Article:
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By Last INight's Mail.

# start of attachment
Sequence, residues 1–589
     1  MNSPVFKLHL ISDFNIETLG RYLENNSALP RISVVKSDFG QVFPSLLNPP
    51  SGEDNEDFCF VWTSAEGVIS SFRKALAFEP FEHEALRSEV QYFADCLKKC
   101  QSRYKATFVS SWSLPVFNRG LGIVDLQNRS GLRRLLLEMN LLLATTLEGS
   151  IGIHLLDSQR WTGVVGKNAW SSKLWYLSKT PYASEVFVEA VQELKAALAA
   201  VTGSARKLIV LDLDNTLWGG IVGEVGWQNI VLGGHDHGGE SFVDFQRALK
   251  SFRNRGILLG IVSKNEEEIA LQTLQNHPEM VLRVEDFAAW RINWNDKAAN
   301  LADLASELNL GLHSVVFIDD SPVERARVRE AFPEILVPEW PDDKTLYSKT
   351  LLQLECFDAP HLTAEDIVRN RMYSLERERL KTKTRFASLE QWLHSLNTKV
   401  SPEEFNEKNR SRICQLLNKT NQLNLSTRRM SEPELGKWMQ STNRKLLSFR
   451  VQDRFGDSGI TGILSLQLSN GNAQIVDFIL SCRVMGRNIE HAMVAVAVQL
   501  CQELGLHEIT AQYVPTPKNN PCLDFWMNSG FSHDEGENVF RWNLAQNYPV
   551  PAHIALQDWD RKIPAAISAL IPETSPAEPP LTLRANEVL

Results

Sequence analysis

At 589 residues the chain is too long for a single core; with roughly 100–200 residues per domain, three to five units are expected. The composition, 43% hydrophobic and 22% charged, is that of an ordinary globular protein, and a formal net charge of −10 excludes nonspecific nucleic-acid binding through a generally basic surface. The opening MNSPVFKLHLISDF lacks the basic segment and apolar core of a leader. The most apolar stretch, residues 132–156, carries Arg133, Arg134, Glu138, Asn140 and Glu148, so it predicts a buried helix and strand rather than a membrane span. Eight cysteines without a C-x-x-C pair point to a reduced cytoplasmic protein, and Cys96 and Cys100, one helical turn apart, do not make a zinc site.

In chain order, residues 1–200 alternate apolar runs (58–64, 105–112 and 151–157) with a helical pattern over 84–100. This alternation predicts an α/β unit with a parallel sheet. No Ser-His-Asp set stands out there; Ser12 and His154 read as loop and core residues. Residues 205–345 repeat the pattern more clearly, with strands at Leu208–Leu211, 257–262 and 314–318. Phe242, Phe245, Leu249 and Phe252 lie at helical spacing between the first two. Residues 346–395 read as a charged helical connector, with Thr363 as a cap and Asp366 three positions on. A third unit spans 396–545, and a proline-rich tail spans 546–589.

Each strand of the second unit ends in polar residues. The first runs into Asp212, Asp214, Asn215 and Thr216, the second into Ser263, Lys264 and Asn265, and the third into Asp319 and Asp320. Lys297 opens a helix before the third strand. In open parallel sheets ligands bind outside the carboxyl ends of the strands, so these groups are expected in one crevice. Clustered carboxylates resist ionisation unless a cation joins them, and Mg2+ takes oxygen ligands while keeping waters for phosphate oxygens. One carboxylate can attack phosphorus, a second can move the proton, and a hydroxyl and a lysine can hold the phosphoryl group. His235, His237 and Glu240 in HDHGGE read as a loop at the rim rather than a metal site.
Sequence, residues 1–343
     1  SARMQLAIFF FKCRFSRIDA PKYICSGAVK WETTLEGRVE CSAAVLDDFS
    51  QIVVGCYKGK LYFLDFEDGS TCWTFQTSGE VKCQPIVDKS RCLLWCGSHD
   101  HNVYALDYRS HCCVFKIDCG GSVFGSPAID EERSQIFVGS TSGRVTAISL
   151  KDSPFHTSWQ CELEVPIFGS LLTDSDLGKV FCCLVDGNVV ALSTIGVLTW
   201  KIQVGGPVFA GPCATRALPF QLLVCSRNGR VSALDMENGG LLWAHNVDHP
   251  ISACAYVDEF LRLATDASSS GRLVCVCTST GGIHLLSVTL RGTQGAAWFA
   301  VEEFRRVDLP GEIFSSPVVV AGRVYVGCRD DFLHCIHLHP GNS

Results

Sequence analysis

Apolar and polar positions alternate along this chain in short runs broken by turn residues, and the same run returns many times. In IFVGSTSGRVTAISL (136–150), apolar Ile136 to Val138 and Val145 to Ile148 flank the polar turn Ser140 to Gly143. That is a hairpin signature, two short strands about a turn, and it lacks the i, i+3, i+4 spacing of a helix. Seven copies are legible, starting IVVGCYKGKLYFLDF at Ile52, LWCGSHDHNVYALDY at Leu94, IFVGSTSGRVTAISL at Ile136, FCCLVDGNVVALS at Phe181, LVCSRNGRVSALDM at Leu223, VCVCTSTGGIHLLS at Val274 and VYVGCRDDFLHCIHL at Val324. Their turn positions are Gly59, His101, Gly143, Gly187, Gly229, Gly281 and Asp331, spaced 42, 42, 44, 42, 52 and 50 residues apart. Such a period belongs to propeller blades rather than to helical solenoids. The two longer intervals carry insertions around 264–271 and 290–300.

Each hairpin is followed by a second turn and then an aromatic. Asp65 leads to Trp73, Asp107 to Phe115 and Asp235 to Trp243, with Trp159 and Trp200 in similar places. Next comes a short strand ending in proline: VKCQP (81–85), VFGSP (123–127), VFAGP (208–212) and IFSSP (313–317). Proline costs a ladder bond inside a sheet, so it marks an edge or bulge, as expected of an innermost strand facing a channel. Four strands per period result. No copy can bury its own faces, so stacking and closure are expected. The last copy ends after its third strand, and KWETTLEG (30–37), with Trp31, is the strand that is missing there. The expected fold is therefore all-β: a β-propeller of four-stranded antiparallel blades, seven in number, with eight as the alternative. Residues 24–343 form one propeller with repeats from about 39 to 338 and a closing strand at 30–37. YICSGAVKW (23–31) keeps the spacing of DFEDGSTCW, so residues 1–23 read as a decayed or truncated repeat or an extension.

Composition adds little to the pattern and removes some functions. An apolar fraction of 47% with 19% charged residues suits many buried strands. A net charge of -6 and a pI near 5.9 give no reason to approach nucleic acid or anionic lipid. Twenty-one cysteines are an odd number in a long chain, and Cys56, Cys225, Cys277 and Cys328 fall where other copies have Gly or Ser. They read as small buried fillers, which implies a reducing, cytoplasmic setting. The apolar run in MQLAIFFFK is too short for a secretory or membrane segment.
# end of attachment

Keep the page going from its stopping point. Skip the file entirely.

From the Baltimore Sun, 21st inst. LATER NEWS FROM EUROPE. ARRIVAL OF THE CAMBRIA. The Steamer Cambria, Capt. Leitch, arrived at Halifax last evening, bringing dates from Liverpool to the 8th inst. aud Loudon to the 7th. CoMs EaCIAL. LIVEa'ooL, Sept. 8. In the early part of the week Cotton was inactive, yielding in favor of buyers for Middling and lower classes of Ameri car. but without changing in better grades. Theiransactions for the seek comprise 86,280 bales: of which Speculators took 8.540 American, and Exporters 6,070 bales. The quotations ate as follows: Upland 45 to 51d; Mobile 5 to 5Jd; Orleans 5 d. At the'time of the Steamer's sailing, there was a brisk demand and prices firm. The Corn trade is dull, and there is but little alteration in the value of any article. TaE CHOLERA. In-London the deaths for the week end ing on the 8th amouted to tight thousand, of which sixteen-hundred and sixty-three were from cholera. The deaths from the same disease -in Livetpool wvere in a still greater proportion; and were also on the increase in Dublin. In Paris and the Provinces it also is prevailing to a great extent. and several distinguished persons have fallen victims to it. Vienna and Berlin are suffeting more than Paris-in the latter cite the deaths from it were averaging forty per day. POLITICAL INTE.LLIGtENCE. ENGoLAN.-In the manufacturing dis tricts trade was active, and employtnent plenty. The Royal family were, at the latest dates, still sojourning in Scotland, but ex pected to return to London by the 13th. AUSTRtA AND HuNGAR.-The latest news from Hungary reports that Conorn and Peterwardin still hold out against the Allied armies. Klapka commands at the former place, and Kiel at the latter. On the 23d ult. a long interview took place between Kiel and the Russian Gen eral Baig, which resulted in sending Kiel to General Haynau to arrange the terms of a capitulation. The impregnable position of Klapka, in Comorn, induces that General to demand most favorable conditions before surren dering. A letter from Vienna, under date of the 31st ult. states that several of the chiefs of the -Hungarian revolt have been executed -among the number was an Austrian ex minister. One General has been hung. and another shot. The wives and children of several of the Hungarian leaders, as well as the mother and children of Kossuth, had been sent as prisoners to Presburg. Garrisons of three thousand men each, are to be posted at Grosswardein, Buda and Pesth. The Hungarian Corps of Perrezel had entered Orsova, but the Turkish authori ties refused to received them until they laid down their arms. Georgey's surren der was first known at Comorn on the 18th nit.; and summons sent to the Garri * son to surrender or propose terms of cap itulation. - Georgey has been pardoned by the Em peror of Austria-he intends residing at Styria. FRaac.-The Paris Monileur pub Jishes a decree reinstating sevetnty-one Lieut Generals, and fourteen Major Gen erals. who were put on the retired list af ter the Revolution of February. The French Government still continues to re fuse passports to German refusees on their passage through France to America. Gen. Oudinot was expected to arrive at Paris on the 20th ult. The appointment of Lucien Marat as Minister to Madrid was considered as atn attempt to conciliate the two parties in tihe French Cabinet. RoMEz.-Savelli, the Pope's former Minister of the interior, had arrived at Rome, and installed himself head of the Police, under the control of the French authorities. Hius first decree was for the tssuing of guarantee notes for the declared value of the paper motley, imposing line and imprisoniment on all who refused it. The Russian Etmporer was at Warsaw, - at the latest advices. On the 20tht ult.. the Austrian troops evacuated Monega the last place occupied in the Piedmontese territory. MONTa.AL, Sept-.10. * ANoTHER RtoT AT MONTREAL-On Monday, a public meetinA was called at Bytown, by the Ministerial party for the purpose of framing .an address to Lord Elgin. The oppostiton were present in full force. By their acts the Ministerial President was compelled to leave thte chair. The opposition then took possession of the ground, and passed resolutions condemning the course pursued by Lord Elgit. Much confusion ensued, fire-arms were used, and several were wounded, and some reported killed. The military were called out, who finally restored order. [Correspondence of thte N. Y: [Herald.] SARaTAYBVno, S. C., Sept. 4. In my last, I alluded to a visit I had paid Mr. Barrett itn his cell- I was ac companied.by Major Legg. who introduced me te the prisoner. I informed him thatt I was attached to the Herald, and shtould relate whatever occurred in our conversa-. tion. He is a young man about 2S years of age, and has rather an intellectual cast of coulntenance ; his hair wvas very long--his race very pale, and looked as thotugh he had suf'ered considerable anxiety. Ilis manners are those of a gentleman, and he converses very fluently. I remarked that I was very sorry to see a Northerner in .so unpleasant a fix. H e replied thatit certainly wams nmot a pleasant one, and wanted to know what the people of the North thlought of the whole matter. I told hitm frankly, that I helieved the opinion generally entertained wats simply this--that if he had foolishly come South,. ntent, to produce excitement and anarchy, by disseminating the Brutus papers, he de served to suffer. lie said, "I am not an abolitionist; 1 have no connexion with them; it can't be proved against me. Even if I were, 1 have a right to be ; but I have not circulated any documents, and is can't be proved. I go for the Wilmot proviso up to the hub. Congress have a right to abolish slavery in the territories, under the constitution, and they ought to do it. There is a large majority in the North that are free soilers." Ile then entered into a discussion and defence of the free soil movement. and spoke so clearly on the subject, that I felt certain it was one to which he had devo ted a great deal offstudy and attention. Jn fact, he remarked to Major Legg that he wrote the free soil ;address to the people of the State of indiana, and that he made many stump speeches, which had made him many friends, and he had been pro nounced a good stump speaker. lie said he was in this State merely to get names. "My good sir, I happened in a town where you had btt recently passed, and saw the clerk who furnished you with names of people in that town. Every name given you, even the most obscure, who never had before received a paper of any kind received by the mail a copy of Brutus and while persons whose names were not handed to you, did not receive one." "It was at Anderson. It was not so. I have seen the same names given me, in an almanac; whoever sent the co pies of Brutus, might have seen those names, and got them from the almanac. There is not a particle of proof against me, except in the copies found on me, and-I don't know who sent them to me. I can get out an habeas corpus." "Nonsense-I have been among the people in this town to-day; they are awfully excited, anl if you were turned loose in this community, you would be lynched as sure as your name is Barrett." I then related the adventure of the ped lar with the Cincinnati wagon, when he jumped up from his cot bed, and. asked Major Legg to produce them. "If," said he, "any Cincinr.att abolitionist have dared to come here to insult this community while I am here in prison, if I know them, r will denounce them, declare who they are, and tell of their connections, and come out andI expose the whole matter." Major Legg said, "Barrett I advise you, as a friend, to order those letiers addressed to you now lying in the Anderson Post Office, to be sent to you. Open and read them. It can do no harm and its sadly against your case that you don't do it. I tell' you honestly if you do not it will result to your prejudice ; keep tip this ex citement. and you may postpone your trial six months longer." "I will think of it, but I won't do it now. I can clear myself. I can get a letter from Brisbane, stating that he never was au thorized by toe to send any pamphlets." -t would not do your case any good. People here believe him to be a most in fernal scoundrel and a liar. Again your employers, E. Hlarwood & Co. sent and subscribed to the Spartan. The return mail brought hack a copy of Brutus, ad. dressed to'every man who had an adver tisement, or whose name appeared in any manner in that piper: Your friends seem determined to identify you with the move. ment." DIFFICULTY WITH FRANCE.-We re ceived last night the following despatch from Baltimore, giving the partieulari of the dilliculty with the French Minister. From it we learn that M. Poussin, last February, presented to Mr. Buchanan, thetn Secretary of State, a claim in behalf of M't. Porte, a Frenchman, residing in Mexico. w'ho bad purchased Tobacco, knowing it to be private property. Gov. Childs had ordered the TJobacco to be restored to its right owner, and gave the Frenchman back his money. The French Minister thien set up a clat for- damages. The Court of Inquiry decided against this claim, and their decision was approv ed of by General Scott, and afterwards by Mr. Clayton. M. Poussin, in a note to -Mr. Clayton, used in'sulhing language towards Gov. Childs, but wi:hdreav the offensive letter t the suggestiotn of Mr. Clayton. Subsequently however M. Poussin ad dressed another note to the Department of State, mtakiug charges against Comman der Carpenter, in connection with saving the French ship Eugenia from shipwreck Car penter claiming salvage for his cre w, which wvas refused, On this subject Poussin wrote a very insulting letter to M r. Clayton reflecting. Ott the honor of our Government. Gen. Taylor then caused the whole correspon dnce'to be laid before the French Govern men t, expecting immediiate redress-which not being aff'orded, he ordered all com-. tmunication with M. Poussin to 'be closed and his passports at his disposal. TUE SToRx.-The witnd, which for thae last thtree week's, with searcely a day's interruption, tins blown steadily from the the Northeast, commenced freshening yes. terday morning between 2 and 3 o'clock, nd at 7 the appearances indicated an approaching gale. instead, thowever, of getting r-ound to the Southwest, as was apprehended, it veered more to the North ward. and as we write it teas sensibly slackened, and it is probable the blow will exhaust itself from the Northwest. We' fear that it has been violent at sea, end has been fruitful of disasters to vessels on the coast. The steamer Vanderbilt, which waited for the mail at Wilmington until 5 p. m. on Tuesday, crossed Cape Fear har about 8 p. m. with the wind blowing moderately from the Northeast. At midnight tho sea began to roll heavily, and at 2 a. m. the winad commenced blowing a gale from thle Northeast, which continued up to the time of her crossing the Charlestotn lar. The sea much of the time was a complete steeet of foam, coming int occasionally from the Southeast as well as the Northeast. The boat wvas compelled to lay-to a part of the time, arnd was slightly inju red in leer up per works, but born herself quite gallant. ly through the gale.-Charlestont Mercury, 20th, inest. The daunghter of the Quecn of Sweden who is about to marry Louis Nepoleon, has a dowry of E.,000,000~ sterlinig. EDGEFIELD C. H. WEDNESDAY. SEPTEMBER 26, 1849. Drougirt. The long contintance of the drought has parched the earth in this region,- and dried up wells and water courses. The section of coun try for twelve or fifteen miles above this place is almost destitute of running water, and the in. habitants are forced to do their milling at a dis tance from fifteen to twenty-five mites in the piney woods, where, thanks to the properties of the soil, the streams are abundant and well supplied. Court. The court of Cominon Pleas and General Sessions will sit at this place on., Monday the 1st of October, to continue in session for two weeks. There will be a very heavy docket on the criminal side of the Coutt. Execution. The slave Joe, the murderer of JEssE W EATHERFORD, was hanged near this place on Friday last. Gov, Seabrool His Excellency, Governor SEABRoOK passed through this place on Friday last. on his way from Greenville to Columbia. He tarried but one night in our village. French Minister. M. Pous'in, the French Minister,at Wash ington. sent an insulting note to the State De partment, whereon the President immediately demanded his recall. The French Govern ment not having complied, Mr. Poussin has been informed that his passports are ready for him. Medal for Gen. Scott. The Gold medal voted by Congress to Gen. Scutt has been received at the war Department. The value of the Gold is said to be $450, on one side is a portrait of Gen. Scott. On the re verse, the battles of the City of Mexico, Chas pultepec, Vero Cruz, Cerro Gordo, Contreras, Churubusco, and Mohlino del Rey. Didiculty with France. The Government of France has taken of. fence at the appointment of Mr. Rivesas Min. ister Plenipotentiary, to reside near that court on account of personal objections to this 7Gen tlcman. Remonstrance has been made to th Cabinet at Washington against the appoint ment. What will be the result, we are une to state. Unless some amicable adjustmen .. once take place, l suppose we shall have an. er flare 'up with la belle France-our Rev tionary ally. French President. Louis Napoleon is about to marry a Princess of Sweden. It is said, moreover, that he has a ritten letters to the Czar of Russia congratu lating him upon his success over the Hungari ans. Coming events are certainly casting their shadows before thema. We have lung believed in the monarchical propmensities of the French President. Little doubt is now left on our mind, that a deliberate attempt will soon be made in France, favored, doubtless, by many of the crowned heads on the continent, to re establish monarchy. Fever in Charleston. We have for a week past listened to rnmors of yellow fever in Charleston without giving credit to themt, as the Charleston papers were entirely silent on the matter. The last Mercu ry and Conrier, however, allude to the matter. and report six deaths from this disease-" four from Ireland, one from England, and one from Germany." A part from this fever, the city is said never to have been healthier. Owing to the lateness of the season, it is not probable this disease will hecome generally prevalent ot be very fatal. There need be, therefore, wve think, no serious cause of alarm. We learn, that the citadel Academy has been snspended for the presenat in apprehension of an epidemic. Greenville & Laurens R. Road. Public meetings have been recently held at the Villages of Greenville and Laurens to take steps to build Rail Roads to these Villages. Much interest was evinced in the matter; and large stock taken. There seems to be little doubt of success. We admire the public spirit and energy of our Fellow-citizens of neighbor ing Districts and henstily wish them good speed in their generous enterprise. Will old Edge ield look indiff'erenihy- on till she is surpassed by all her sister Districts in enterprise and public works ? By the love that we bear our country and our posterity, this must nut be. Let us arouse from our lethargy and exert the true spirit of our District. H~ave we no persevering, public-spirited heart among us, who will boldly lead in these matters of pulic improvement? 0, f.r some master spirit of inspiring eloqjuence to ewaken is the mninds of our people a just sense of their real interest and welfare! Diliclulty with Post R~Iaster. The last Pendleton Messenger gives an ac count of a stirring scene in the village of Pent detomn at the Post Oficee on Friday the 4thinst Aolition documents, signed Junius, "of a most malicious, offensive and insulting charac ter to the Southern People." were receivedl in large quantities on the arrival of the Southern Mail, uapon the knowledge of which, the execu tive committee of the committee of safety and vigilance, after consultation. "entered the of fre, shoved the Postmaster aside, took posses siotn of the papers, and now have them'n under lock and key, where thaey will remain until the meeting of' the committee of vigilance and safe ty on the ~29th inst." For a ?tuh, otur Post Ollico Departmetnt tunder thle new Admnm.straZ tin is likely to canse us perpetual annoyance ati inin natin. Brisbane's Letter. W. A. Brisbane, whose name has been asso ciated with the Barrett case, has published a letter of self-vindication in the Cincinnatti Globe. lie repels the charge of being author of the abolition pamphlets, " Brutus " and "Carolinian," but " fully coincides with the views" expressed in the former, and is " per fectly willing to shoulder all responsibility.'' He says, lie takes occasion to publish, that he is " ready at all times to receive cotnnunica tions from Carolinians, such as the " Brutus" Pamphleti', or the answers to Mr. Elwood Fish er's celebrated lecture, and to share the respon sibility of their circulation." He studiedly conceals finm the public his connection with Barrett, now in Spartanburg Jail; but unfortunately for him that fact is now too well attested to admit of doubt. A recent correspondent of the New York Herald, wri ting from Spartanburg C. 11. of the date Sept. 4th, givesan account of an interview in Jail with Barrett. in which he represents the latter as say ing-:" I can clear myself. I can get a letter from Brisbane, stating that he never was author ized by me to send any pamphlets." The Rev. Gentleman complains bitterly, that, when he was in South Carolina about eighteen months ago, lie was treated with great indignity, and was forced with his wife and in fanit secretly at night to leave the State. le may think his good fortune, that lie escaped so well. Should lie venture again to visit the State, his reception, we opine, will be a little more cordial and his flight less certain. After all his equivucatiop, in the postscript to his letter published in the Globe, he reveals the fact that lie is an accomplice in the Barrett case. Ile writes-" Perhaps at some future time I shall be at liberty to communicate to your readers some things connected with this affair (Barrett's) that I cannot now do without a breach of private colfidonce." Does this not fix his guilt? How long shall this man abuse our patience ! FOR TUE ADVERTtSER. Profitable Invcstinents. MR. ErDTo:-The success attending the enterprise of constricting Plank Roads, by way of "profitable investments," in all the sections of country where they are most used and appreciated, has Induced Capitalists to subscribe liberally for the stock, with an eye to. large dividends, and their most sanguine views have been in a majority of ciases fully realized. The first road of the kind made in the United States, was in the State of New York, from the city of Syracuse to Central Square. The right of way cost the Com-. pany nothing, and the bed of an old and much traveled road being used, there was but little grubbing or grdiug required. It has but a single track, eight feet wide, ac cornmodating an immense travel, without The tolls taken during L.wu .... No. 1, amounted to $7.957 14 Tolls taken at gate, No 2, 4.930 01 Total, $12.87 15 The hinlaries of gate keepers, and repairs.during the two years amounted to 1,530 00 Leaving for rebuildi'g &div. $11,357 (00 We see from the above, that there was paid into the Trensury of the Compa ny, by the end of the first two years after they commenced receiving tolls, and after paying all expe es-an amount al most equal to the tonnt expetuded in buildiug the roads On the route $roposed foir laying dowvn a Plank Road, between Edlgefield and H-amburg, you have the best materials for constructing a road in the most economical and durable muanner-yott have lumber, and men near the whole line of the rood, from whom the lumber can be purchased, at a moderate price, atnd you would have little or no grading on the whole road. Considering the duranility of the pine Itum ber, that would lbe used in the construc tion of this road, together wvith the dry nature of the land over which it would pass, it would probably stand, some eight to ten years with but little repair. Besides, the fact that Plank Roads, are good investments, they are also sources of| great economy. By the present system of road working, the planter is frequently subjected to the inotvenience, of taking all his a ble bodied hands from his crop and putting them on the pblic road, where they are liable by law, to work for twelve days, repairing dama gsa, perhaps, made by men, who never in any way contribute to like repairs. A citizen, whose employment is to haul heavy goods from one portin of the coun try to another, in no wvay indenmnifies the public, for the repairs he renders necessary, by the small amount of .road duty lie per forms at home. If every man, wh-len hau ling heavy goods over tho public roads, should pay his tax in the- wvay of told, then, instead of doing an injury to a par ticular neighborhood, he would help that neighborhood support a better road for the accommodation of all. It is estimated that the cost of laying a single track, over a route liko this, will vary from 51500 to 2000, per mile, it is highly probable, that it would be very safe to put the Jowest figure on the road fromn Edgefield to Hamburg, which would fall very much under the estimate of your correspondent ''Farmer."' TRAVELLER. Ar. EAsY RULE FOR FAaR~as.-The Augusta Chronicle gives the following sim *ple plan of estimating the value of pro duce in the Foreign markets. Our far mers will find it useful: A "quarter of wvheat" is an English measure of eight standard bushels, so if you sea that quoted at fifty-six shillings it is seven shillings a bushel. A shilling is twenty-four cents; multiply by sev nil you have One dollar and sixty eight cents pr bhel. FOR THE ADVtITSar.Rl. Plank Roads. Mn. EnhT-,-It will no doubt, be readily admit ted by all, that a Plank Road, passing through or near a Plantation, bringing it in immediate communication with n:arket by a safe and easy road. is of direct and immediate benefit to it. Such is not the ease with Ra:L Roads. altny Barnwell Planters, living on the lite of the Charleston Rail Road. find it for their interest, and do send their Cotton twenty to thirty miles by wagon, to the Hamburg market ; and some planters on the Geor gia Rail Road, now wagon. their Cotton sixty or eighty miles to the Augusta mar ket, in preference to sendi"g it to market by Rail Road. But it should be kept in mind that the common roals in Georgia. are not so uncommonly bad, as the roa ds leading to Hamburg from the up-country. There are sonie objections to Rail Roads passing through lands anti plantntions, which cannot well be obviated,-one is, the danger of sparks from the Locomotive, setting fire and burningtimberiand. About twelve months ago, there were many thousand acres of valuable timber burnt, on the line of the Long Island Rail Road, injuring the farmers on the line, to the amount of about half a million of dollars. Another objection to Rail Roads, is the danger of stock being run over and killed. Many planters on the line of Rail Roads, keep up two lines of fence, to keep their cattle off the track. Neither of these ob jections apply to Plank Roads.. It may seem extravagant, at first sight, but on examination, [ believe those who waggon cotton to Hamburg, will agree with me. that the value of the horses and mules killed or injured so as to be worthless, during the last ten years, by pulling through the drep sand from Hamburg to the twelve mile post, would build the Plank Road from Edgefjeld to Hamburg. The Proprietots of the Greenville line of stages, have lost some eight or ten valuable hor ses within the last twelve months, which can probably be traced to that cause. To build a Plank Road from Edgefield to Hamburg, ten feet wide, 3 inches thick, resting on 3 stringers 3 x 4, would take 174,240 feet lumber -per mile, supposing the length of the road to be 25 miles, it would take 4,336,000 feet of lumber, to build the Road. The Mills on the route could probably furnish 10,000 feet per day, which would require about eighteen months for them to supply the amount needed. It thus becomes obvious, that it is necessary to call in the aid of steam, in building the road. By taking what lum ber the Mills on the route could supply, and erecting a Steam Engine, on some ridge where timber is- plenty, moving the Engine as the timber is exhausted, the road could he completeJ in six to ten mouths. I will recur to the subject aecain; SA LUDA. FOR THE ADVERTtSER. mo. XIV. ^--'nud. ta boni civis' sad otntes.ea DE. Or. I. I institutions . y history of a Jvanced state al error. Two may widely tmoral, social, and political pus.. et have much that is common between them;. and a style of government suited to one may be well adlapted to the other. The great principles of justice and equity, which lie at the bottom of all good governmentt, arc general propositiuns of abstracted reasotn, and are ;not accommodated to times and to men. They do not change witht the conditiotns of society, nor with the ages of the world. They are the same, yesterday, to-day, atnd forever. Andt every govetn ment wrhich has existed for any length of tme, howv despotic soever, has developed mnany of these principles in the fornm of salutary laws, customs anid institutions. In our own governmer.r, these principles are inwrought in its very organism. Our Republic sprang into existence, like the Goddess of Wisdom, in full panoply, out of the heads of men as pure in heart and as sound in wisdom as ever fall to the lot of men to become. 11, at once, establish ed the broad basis of freedom, by embody. ing the great eternal rules of justice and wisdom. To cherish and prescrve, then, the wise regulatione, which contatn these great unchanging principles-these noble safeguards of hutman liberty, that rise above the cotnditions of metn-is the para -nount dttty of all, wvho claim to be lovers of genuine liberty. TIhe statmp of truth and expediency is fixed upon them; for they are in harmony with man's nature, and with the great laws of universal gov ernment. They should stand eternal as time! Those self sty leJ reformers, therefore, who, to amend, will swee away, as by a revolutionary move. the w ,ole past order of things, are retrograde itn their notions and wvork to the lasting injury of mankind ! In the langttage tof atn emitneut political writer, " to preserve atnd to reform, should be the aitm of eiery statesman." t To. hold on to that which titme antd judgment have shown to be wisc and expedient; cautiously tto amend to suit the growing wants of society; to correct all real abuses and inconveniences; anid etrenuously to resist all rash and inmprud~ent changes these constitute the duties of the enligh tened and practical statesman. But the distinguishing mark of thte conservative pa. triot, is to hold on with bold firmness, to the sound and valuable parts of his govern ment and institutions, against a ruthless spirit of chatnge ! The value to our country of a class of men, thus conservative in their notions, is at present incalculable. It is feared, we are in great danger of anarclay from a rabid and lawless spirit of innovation. There is a retnarkable disposition atmong us to work serious changes in the wise laws and institutions franmed by our ances tors, and to raise false colors of reformi. We seeni tired of the admirable style of governments inistituted after our Revulu tion, and to be looking back towards Greece and Rome for models, of true Ro * Not to pull down, buit to prescrce in eguaity, all the conventiences of the people, is tlte hi;;h-. eat concernt atnd wisdom of the good citizen1. + SrEmndt Bnrhc.I publics. We are breaking in with the great principle of delrgated power, so conducive to order and just administration in modern anvernnents, and falling back upon the antiquated notion of absolute and direct popular agency. We are also fast discarding the rntioual. conservative principle, do admirably predominant in our various polities, which gives the right of rule to the concurring.majority _ of all the intetests of so'iety; nd we ate bringing again into practice the absolute power of t he numerical majority-the dan gerous and exploded theory of the ancient Republics. The important question arises, cii bon? What good is to be -expected from these changes ? Are they really needed ? Have our Constitutions failed in their designs ? have they not rather fulfilled the highest dxpectatiuns of their framers, in making .us the freest and most prosp us people on the globe? Did the people t urming them, surrender into the hands of government, too many of their rights and -privileges? Or did they omit to secure any important charter rights ? The wisdom of the pres-. eat day has not been able to point out these defects. No people in any age of the world, has ever experienced under government a larger share of rationalliber. ty, than may be enjoyed by the people of this country, under the just interpretation of the American Constitutions. It is a re markable fact, that nearly all the abuses, and all the oppressions that have appeared in our Republic, have been perpetrated' against the express provisions, of those. noble instruments, or by insidious perver sions of their true intent and meaning. They are not to he traced to the govern- - ments themselves, but to theitmal-adminis tration ; to- the rude experiments of raish in novation; to the cupidity and ambition of designing politicians, of factions, and wrongheaded numerical majorities! No governments. ever existed, better calculated, in our judgment, to secure to freemen all their true rights and liberties.. None ever looked more closely to the real interests of mankind-to the welfare of the people generally/. When, with a reflect ing eye we view their atnpleprovisions for. popular liberty.; their wise restrictions upon legislative and executive power ;and their wonderful adaptation to all the wants and reasonable desires of a free, virtuous, and ntelligent people; we are almost forced o conclude, that some super-human agen :y contributed to their formation ; that Providence, in His inscrutable wisdom, mparted to theit virtuous framers, a more han ordinary share of knowledge, virtue, - ind patriotism. What could offer, then, a bler field of efThrr, than to study out the neaus by which these constitutions may re perpetuated, and to give them practi .al success in our country ? What a tree ure they might become to generations yet - iborn! The liberty of millions of our ellow-beings, desceneents of our coon rymen, depends, perhaps, upon their just and equitable provisions! To preserve, then, in their purity, these dmirable Documents, is the part not only f wisdom, but of moral duty and patriot 's. We may rest assured, -that, in the :onflicting jratsions and interests that now. and will. perhaps, forever agitate our ountry, they can never be improved. Every change, it is feared, will be for the ,orse. We should hang on; therefore, to hese, as the Palladia of our rights-as the greal safety ships of our nation's liberties, it the turbulent political sea of ihe future. As abuses in administration arise chiefly n a departure freon their noble provisions, is the first duty of the statesman, vigi antly to w atch over these Consiitutions, and o se'e that they are executed in good faith. And it is the province sof an intelligent 2eople to have a guaranty of their faithful. reservation, by always keeping at the ead of afi'airs, men who are prudent, noderate and conservativo. In- this way done, can our liberties be perpetuated ! O~N of THE PEOnLE. DmsTRESslro AcetDEtNT.-The Colm >Ia Trelegr~aph of the 20th, inst., says-A nost pair.ful occurrence took -place on 'uesday last in Brick Range. by which Slife was lost. A little girl, daughter of Mrs. A. Tarrar, atbout three years of age, playing on the back steps of the second soy, fell and received so severe an injury he she expired from the effects of it early mo Wedntesday (yesterday) tmorning. The accident was onme w bich no care can. aften suflice to gurd against. .The grief af the bereaved parent should be mitigated by the recollection that her loved one was removed in her first fresh purity, 'before. sin or sorrow hamd become- known to her, ad "of buch is the kingdom of Heaven." ADIERICAN CrrEs.-Nothing can ex eeed, perhaps we say equal, the marvel Ios grow th of many ofour A merican cities. The "Ilome Jo unt" says that the num br of people embraced within the limits and suburbs of the city of New.York is about half a million; and half that number within those of Philadelphia. "NDw Or leans contains about a hunidre~and fifty, ostan one hundres1 and .thirty, and'Hal timore one hundred and five thousand in habitants. The 'secotnd child born in Cincinnati,-it is said, is still living. ad-has not reached the middle age of life, whlile the city has a population of a hundred thousand. The population of St. Louis was one timusmand six hundred in 1811); sixteen thousand in 1840; forty thousand 4 in 1845; and is probably now not less thatn sixty thousand. Buffalo contained - two thousand four hundred and twelve in1i825; in 1846, twenty-nine thousand seven hun: dred and seventy-three; and now contains about forty-ive thousatnd. In 1828, the population ef Lowell was three thousand ive hundred and thirty-two, it is now more than thirty thousand. Chicago, a place scarcely known on the latest maps, has already reached a population of eigh teen thousand; and Milwaukie, of still more recent origin, is rivalling it in its grothand population. COLD WVcArnERt.-At Sharon, yester day morning, upon low ground, ice, was rund of the thickness of a common wind a'v glass, which had made during the night. andl very heavy white frost was isitle, It was feared that the vines in the iinity were badly injurod.-Boton Trats., 4th inst. Kwect arc the slumnbers of the virtuous,